In November 2009 at 11 minutes before 11 p.m. on the day before the 11th, we received the call that a liver and kidney had become available for my life-saving transplant. My family suffers from the genetic disorders of Polycystic Kidney Disease (PKD) and Liver Disease (PLD). My organs were massively enlarged and shutting down. The liver they removed weighed 30 pounds; the kidney weighed nine pounds.
But did these circumstances come about solely because of fickle fate or was it a small piece of God’s plan? It was the incredible generosity of an anonymous organ donor that saved my life. And where was God’s hand in this? God guided the heart of my donor and gave me and my family the strength and will to persevere through:
Faith. Without pure, unadulterated faith it could have turned out quite differently. With a chronic disease and a slow descent you get a lot of time for both reflection and prayer.
Very early on I stopped praying for improved health and the delivery of a miracle and instead came to pray that “God’s will be done.” Oh, I desperately wanted to live, don’t get me wrong, but I concluded that if you believe in a soul, in an afterlife, and have faith in a power greater than yourselves then you cannot fear death. I prepared myself truly believing the outcome would be what it was supposed to be and I made the necessary preparations for my wife, Anne, and the kids.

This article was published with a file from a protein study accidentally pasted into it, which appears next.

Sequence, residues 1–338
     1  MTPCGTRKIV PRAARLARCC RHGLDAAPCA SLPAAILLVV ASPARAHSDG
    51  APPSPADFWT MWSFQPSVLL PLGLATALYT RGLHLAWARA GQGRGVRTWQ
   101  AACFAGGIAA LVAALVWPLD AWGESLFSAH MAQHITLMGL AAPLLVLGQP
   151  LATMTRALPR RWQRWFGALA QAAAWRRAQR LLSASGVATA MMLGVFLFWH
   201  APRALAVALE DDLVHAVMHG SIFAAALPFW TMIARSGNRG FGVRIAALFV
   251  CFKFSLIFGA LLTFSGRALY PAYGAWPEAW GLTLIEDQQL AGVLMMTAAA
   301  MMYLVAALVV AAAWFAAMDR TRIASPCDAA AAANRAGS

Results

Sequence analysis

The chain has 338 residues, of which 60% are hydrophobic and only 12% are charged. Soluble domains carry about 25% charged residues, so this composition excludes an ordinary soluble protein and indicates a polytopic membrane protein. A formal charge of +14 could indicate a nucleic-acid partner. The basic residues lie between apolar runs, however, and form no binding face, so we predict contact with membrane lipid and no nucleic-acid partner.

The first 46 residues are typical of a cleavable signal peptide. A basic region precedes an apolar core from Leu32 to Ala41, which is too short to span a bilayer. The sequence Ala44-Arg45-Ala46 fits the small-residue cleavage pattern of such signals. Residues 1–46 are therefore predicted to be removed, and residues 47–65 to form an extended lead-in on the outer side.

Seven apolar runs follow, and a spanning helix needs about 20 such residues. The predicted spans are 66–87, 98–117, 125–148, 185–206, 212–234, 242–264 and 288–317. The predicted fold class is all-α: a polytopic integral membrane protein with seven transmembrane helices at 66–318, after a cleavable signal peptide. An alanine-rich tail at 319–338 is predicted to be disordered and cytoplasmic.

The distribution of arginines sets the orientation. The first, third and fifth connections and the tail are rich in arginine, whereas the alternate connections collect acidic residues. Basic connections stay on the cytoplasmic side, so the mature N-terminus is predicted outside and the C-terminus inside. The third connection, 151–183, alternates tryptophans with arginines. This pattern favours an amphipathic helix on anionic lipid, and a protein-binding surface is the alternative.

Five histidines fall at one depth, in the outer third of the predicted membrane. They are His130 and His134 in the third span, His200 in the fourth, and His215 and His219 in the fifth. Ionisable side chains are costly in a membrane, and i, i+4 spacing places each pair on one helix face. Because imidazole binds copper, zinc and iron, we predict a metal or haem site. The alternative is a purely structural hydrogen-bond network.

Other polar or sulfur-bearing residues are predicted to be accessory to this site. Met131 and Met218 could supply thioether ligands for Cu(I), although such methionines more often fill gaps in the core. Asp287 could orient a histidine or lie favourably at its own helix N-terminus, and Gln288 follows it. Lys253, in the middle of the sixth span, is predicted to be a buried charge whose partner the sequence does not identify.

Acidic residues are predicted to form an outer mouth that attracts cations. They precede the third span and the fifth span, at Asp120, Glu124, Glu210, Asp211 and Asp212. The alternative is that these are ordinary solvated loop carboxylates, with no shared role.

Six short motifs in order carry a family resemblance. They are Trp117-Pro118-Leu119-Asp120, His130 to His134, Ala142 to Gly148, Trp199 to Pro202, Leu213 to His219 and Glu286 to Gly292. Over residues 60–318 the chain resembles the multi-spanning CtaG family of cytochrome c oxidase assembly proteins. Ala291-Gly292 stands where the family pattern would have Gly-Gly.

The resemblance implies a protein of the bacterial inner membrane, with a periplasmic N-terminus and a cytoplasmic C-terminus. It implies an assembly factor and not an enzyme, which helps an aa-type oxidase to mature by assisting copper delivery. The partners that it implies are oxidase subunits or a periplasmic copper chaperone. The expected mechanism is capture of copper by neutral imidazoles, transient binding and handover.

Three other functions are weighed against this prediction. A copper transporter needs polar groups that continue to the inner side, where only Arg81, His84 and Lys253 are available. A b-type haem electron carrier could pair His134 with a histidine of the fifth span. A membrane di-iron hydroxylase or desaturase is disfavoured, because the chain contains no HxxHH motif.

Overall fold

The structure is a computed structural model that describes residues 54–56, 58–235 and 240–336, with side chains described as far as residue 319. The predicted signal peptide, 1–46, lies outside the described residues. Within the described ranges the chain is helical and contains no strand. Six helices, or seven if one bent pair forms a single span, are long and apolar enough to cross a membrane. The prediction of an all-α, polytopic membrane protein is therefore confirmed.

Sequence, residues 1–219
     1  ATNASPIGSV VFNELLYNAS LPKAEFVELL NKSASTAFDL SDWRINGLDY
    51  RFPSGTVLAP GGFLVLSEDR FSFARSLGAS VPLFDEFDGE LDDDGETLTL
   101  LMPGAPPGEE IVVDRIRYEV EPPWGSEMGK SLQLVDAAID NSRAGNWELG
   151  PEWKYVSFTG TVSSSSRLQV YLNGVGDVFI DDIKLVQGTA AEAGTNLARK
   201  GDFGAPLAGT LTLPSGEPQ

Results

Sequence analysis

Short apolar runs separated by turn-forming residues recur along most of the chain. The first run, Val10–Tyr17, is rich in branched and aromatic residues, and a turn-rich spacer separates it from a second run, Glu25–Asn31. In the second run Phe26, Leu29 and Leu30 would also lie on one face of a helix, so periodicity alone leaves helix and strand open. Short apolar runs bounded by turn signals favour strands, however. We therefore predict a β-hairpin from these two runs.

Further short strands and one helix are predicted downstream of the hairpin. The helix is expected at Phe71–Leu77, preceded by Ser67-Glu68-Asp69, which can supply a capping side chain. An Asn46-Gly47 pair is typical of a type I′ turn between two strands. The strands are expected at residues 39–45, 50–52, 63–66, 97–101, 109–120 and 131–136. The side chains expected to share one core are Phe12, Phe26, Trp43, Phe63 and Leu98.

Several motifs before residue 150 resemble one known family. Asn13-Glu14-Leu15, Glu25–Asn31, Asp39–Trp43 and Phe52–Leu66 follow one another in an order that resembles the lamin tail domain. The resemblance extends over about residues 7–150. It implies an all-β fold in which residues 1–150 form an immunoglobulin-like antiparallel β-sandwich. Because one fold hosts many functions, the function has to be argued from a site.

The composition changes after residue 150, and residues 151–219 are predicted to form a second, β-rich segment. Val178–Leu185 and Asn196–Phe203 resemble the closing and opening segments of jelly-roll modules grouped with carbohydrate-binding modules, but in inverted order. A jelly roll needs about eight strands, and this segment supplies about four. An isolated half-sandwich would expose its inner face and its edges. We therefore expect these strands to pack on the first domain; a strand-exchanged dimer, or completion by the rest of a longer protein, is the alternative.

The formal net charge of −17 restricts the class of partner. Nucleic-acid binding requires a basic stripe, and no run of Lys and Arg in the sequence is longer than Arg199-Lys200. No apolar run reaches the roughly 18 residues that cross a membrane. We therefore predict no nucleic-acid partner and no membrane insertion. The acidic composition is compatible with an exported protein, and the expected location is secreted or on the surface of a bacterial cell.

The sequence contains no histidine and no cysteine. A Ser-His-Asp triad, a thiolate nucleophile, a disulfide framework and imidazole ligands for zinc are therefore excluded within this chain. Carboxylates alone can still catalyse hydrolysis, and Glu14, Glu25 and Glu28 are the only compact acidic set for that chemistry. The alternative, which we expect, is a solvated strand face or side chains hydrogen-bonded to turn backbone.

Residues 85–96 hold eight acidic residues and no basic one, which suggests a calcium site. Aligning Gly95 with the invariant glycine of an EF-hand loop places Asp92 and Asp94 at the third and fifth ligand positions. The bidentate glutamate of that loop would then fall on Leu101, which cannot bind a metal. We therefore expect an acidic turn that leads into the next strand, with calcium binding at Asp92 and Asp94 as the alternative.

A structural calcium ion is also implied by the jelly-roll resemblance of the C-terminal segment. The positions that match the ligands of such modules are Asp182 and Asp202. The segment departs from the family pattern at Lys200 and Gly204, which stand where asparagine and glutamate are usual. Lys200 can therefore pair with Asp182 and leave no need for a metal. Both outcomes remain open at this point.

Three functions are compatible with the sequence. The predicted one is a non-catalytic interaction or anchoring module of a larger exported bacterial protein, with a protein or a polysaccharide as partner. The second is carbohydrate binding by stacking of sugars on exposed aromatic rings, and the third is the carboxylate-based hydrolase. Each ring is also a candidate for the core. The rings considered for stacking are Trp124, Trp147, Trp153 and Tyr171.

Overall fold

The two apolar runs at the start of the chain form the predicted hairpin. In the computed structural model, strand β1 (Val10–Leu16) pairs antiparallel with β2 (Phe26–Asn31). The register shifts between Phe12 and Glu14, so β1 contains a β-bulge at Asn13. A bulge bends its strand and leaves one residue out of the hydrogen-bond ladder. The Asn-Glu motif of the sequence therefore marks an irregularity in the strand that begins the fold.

Hope. While faith comes from within, hope is where all your loved ones, your friends, the complete strangers who hear about your situation carry you further than you could ever go alone. Hope is contagious and, when driven by so many, powerful. There were many times in the hospital that we knew we were uplifted up by the hopes and prayers of so many, such as the time when they almost lost me in an internal bleeding episode.
Charity. I don’t know my donor’s name or family. We have written twice to them and not yet received a response and that is certainly their right. Frankly, I sometimes have a hard time feeling worthy enough and there is so much I need to do to live up to my donor’s charity. Maybe that’s why I’m so driven: a goal of enrolling 1,000 new donors and regular participation in sporting events identified as an organ recipient. I never actually win an event: I do it to honor the incredible charity of my donor.
And the greatest of these forces is Love, of course, and I have received much more than my share.
Beyond that? God’s will be done. There are currently over 123,000 people waiting for organs in the United States. Hear the call and become an organ and tissue donor today!
There are currently over 123,000 people waiting for organs in the US. Steve Baum is a liver and kidney recipient and long-time Franklin resident. He resides in Franklin with Anne, a teacher and his wife of over 40 years. Anne was his primary caregiver over the eight years of his chronic illness. He is an active volunteer in several health-related foundations. You can read more at:
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